We’ve just added another walking tour of Rome, one that finishes with a visit to the ‘Angel’s Castle’, Castel Sant’Angelo, and thought we’d buttare giù a bit of background on this most imposing of Rome’s monuments.
Castel Sant’Angelo was originally built by the Roman Emperor Hadrian as a mausoleum for him and his family. Construction began in 123 AD to be finished 16 years later under the reign of Antoninus Pius, Hadrian’ successor. The mausoleum was connected to the other side of the Tiber by the newly constructed Elian Bridge, the Pons Aelius, know today as the Ponte Sant’Angelo. The many statues on the bridge were added during Renaissance times.
The construction was originally a cylindrical colonnaded drum sitting atop a wide square platform base, surmounted by an earth garden and a golden quadriga, chariot. The castle is nowadays topped by a bronze statue of an angel (itself a replacement for the marble original), hence the modern day name. Hadrian’s ashes were placed inside the mausoleum in 138 AD, together with those of his wifes and first adopted son. He was joined by the remains of successive Roman Emperors, the last of which is felt to have been the Emperor Caracalla in 217 AD. The repository for the urns containing these ashes were likely placed deep inside the mausoleum, nowadays known as the Treasury room.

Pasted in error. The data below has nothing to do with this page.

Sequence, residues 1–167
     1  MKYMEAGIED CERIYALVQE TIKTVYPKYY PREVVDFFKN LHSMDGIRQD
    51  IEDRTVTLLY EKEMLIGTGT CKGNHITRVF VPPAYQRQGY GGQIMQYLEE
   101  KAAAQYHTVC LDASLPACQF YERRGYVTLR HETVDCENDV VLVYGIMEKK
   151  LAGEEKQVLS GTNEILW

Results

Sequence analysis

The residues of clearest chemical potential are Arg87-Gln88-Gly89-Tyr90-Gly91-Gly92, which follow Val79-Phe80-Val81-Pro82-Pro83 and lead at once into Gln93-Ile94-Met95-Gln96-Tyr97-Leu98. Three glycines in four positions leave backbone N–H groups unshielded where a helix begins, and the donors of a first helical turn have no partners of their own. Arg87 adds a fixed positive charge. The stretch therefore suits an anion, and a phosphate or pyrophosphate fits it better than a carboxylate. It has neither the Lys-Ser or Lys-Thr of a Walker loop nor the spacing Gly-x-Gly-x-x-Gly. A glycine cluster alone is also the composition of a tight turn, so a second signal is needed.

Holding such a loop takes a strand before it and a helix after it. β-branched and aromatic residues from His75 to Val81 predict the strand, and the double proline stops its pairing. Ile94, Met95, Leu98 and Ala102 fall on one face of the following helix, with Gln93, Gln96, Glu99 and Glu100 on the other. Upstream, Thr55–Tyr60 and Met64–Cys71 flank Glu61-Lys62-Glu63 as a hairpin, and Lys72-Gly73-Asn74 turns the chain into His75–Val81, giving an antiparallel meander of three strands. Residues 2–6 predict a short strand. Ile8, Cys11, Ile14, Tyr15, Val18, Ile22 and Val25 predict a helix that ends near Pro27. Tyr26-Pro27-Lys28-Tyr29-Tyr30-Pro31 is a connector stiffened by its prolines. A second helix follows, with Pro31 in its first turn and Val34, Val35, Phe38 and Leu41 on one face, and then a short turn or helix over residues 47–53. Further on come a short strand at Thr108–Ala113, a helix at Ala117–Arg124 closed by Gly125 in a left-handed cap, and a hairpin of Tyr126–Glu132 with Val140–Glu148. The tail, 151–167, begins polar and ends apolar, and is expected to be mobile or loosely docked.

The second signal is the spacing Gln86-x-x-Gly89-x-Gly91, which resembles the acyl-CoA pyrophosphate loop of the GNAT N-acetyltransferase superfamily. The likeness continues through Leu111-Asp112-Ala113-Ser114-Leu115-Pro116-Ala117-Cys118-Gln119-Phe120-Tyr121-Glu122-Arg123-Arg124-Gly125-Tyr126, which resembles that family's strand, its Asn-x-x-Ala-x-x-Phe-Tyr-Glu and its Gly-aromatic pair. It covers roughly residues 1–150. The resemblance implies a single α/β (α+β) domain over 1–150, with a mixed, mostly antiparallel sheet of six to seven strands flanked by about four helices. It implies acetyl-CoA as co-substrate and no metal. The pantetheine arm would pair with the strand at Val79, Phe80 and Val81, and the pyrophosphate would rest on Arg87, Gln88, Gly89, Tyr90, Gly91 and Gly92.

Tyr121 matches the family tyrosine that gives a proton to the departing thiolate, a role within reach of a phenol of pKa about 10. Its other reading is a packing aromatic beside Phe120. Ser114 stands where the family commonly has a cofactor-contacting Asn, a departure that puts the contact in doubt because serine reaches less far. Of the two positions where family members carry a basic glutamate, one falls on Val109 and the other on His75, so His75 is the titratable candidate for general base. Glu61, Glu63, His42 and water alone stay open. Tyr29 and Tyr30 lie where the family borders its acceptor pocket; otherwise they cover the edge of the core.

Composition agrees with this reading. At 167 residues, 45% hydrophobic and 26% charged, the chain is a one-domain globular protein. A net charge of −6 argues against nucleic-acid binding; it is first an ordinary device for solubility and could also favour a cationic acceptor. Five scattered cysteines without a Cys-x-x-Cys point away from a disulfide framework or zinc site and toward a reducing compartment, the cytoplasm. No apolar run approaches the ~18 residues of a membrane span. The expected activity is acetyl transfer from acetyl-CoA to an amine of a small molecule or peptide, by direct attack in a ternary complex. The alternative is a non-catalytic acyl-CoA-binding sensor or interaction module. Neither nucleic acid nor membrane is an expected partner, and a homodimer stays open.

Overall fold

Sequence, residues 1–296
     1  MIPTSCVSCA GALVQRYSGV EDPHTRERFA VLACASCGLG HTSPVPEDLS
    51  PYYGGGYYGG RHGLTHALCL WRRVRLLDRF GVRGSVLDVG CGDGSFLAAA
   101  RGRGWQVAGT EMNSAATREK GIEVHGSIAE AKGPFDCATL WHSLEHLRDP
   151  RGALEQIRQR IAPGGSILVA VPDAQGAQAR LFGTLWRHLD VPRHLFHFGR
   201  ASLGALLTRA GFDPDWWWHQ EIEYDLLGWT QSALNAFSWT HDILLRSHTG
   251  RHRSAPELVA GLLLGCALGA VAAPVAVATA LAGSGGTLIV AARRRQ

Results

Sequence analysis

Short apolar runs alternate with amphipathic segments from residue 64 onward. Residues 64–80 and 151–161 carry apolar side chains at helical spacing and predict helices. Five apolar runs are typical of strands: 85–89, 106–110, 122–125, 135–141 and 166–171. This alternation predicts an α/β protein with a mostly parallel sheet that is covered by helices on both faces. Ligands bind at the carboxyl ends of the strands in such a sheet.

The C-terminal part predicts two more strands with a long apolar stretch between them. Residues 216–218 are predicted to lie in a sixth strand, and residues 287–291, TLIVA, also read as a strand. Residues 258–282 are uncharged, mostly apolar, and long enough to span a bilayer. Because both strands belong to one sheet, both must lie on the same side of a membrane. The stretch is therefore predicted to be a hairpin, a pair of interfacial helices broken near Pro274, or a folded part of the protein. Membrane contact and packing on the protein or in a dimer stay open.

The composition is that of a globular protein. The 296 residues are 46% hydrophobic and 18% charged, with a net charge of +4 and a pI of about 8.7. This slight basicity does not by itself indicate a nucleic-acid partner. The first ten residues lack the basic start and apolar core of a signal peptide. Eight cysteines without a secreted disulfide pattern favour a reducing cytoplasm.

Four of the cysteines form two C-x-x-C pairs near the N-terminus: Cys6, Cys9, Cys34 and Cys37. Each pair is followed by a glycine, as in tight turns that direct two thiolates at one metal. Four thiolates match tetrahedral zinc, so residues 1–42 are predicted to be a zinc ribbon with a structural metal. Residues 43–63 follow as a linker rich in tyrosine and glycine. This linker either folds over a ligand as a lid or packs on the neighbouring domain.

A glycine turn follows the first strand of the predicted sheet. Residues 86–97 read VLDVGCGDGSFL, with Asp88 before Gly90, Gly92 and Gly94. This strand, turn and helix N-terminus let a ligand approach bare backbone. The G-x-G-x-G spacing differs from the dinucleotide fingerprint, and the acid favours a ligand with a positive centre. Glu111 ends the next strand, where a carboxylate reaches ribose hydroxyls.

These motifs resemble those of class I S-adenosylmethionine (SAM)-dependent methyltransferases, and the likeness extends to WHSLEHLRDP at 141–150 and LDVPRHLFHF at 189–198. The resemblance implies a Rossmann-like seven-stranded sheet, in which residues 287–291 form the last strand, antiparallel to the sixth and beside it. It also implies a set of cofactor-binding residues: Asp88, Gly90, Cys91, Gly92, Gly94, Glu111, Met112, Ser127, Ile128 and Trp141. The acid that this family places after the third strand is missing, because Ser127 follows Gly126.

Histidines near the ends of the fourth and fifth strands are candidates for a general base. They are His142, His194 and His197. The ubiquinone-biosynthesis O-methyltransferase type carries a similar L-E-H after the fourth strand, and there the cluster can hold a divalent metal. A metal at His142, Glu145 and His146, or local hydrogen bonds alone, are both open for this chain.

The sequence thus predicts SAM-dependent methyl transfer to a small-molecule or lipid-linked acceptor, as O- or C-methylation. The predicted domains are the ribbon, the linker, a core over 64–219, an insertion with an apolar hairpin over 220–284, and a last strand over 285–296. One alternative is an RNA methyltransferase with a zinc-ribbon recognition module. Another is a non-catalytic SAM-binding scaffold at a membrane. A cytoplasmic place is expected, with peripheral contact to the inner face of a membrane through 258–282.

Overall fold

What today’s visitor sees is what remains after the building was fortified and gradually incorporated into the defensive Aurelian walls, eventually becoming a fortress in 401 AD – much of the contents and decorations were destroyed as a result of these processes. In 1277 the building became a papal property, used as a safe bolt-hole; a secret corridor connects the castle to the Vatican. The papal apartments, quite beautifully decorated and frescoed, sat atop the lower levels, less exalted in function, used as they were as both a prison and a place for torture and executions.
The castle was decommissioned in 1901 and went on to become the museum it is today, the Museo Nazionale di Castel Sant’Angelo.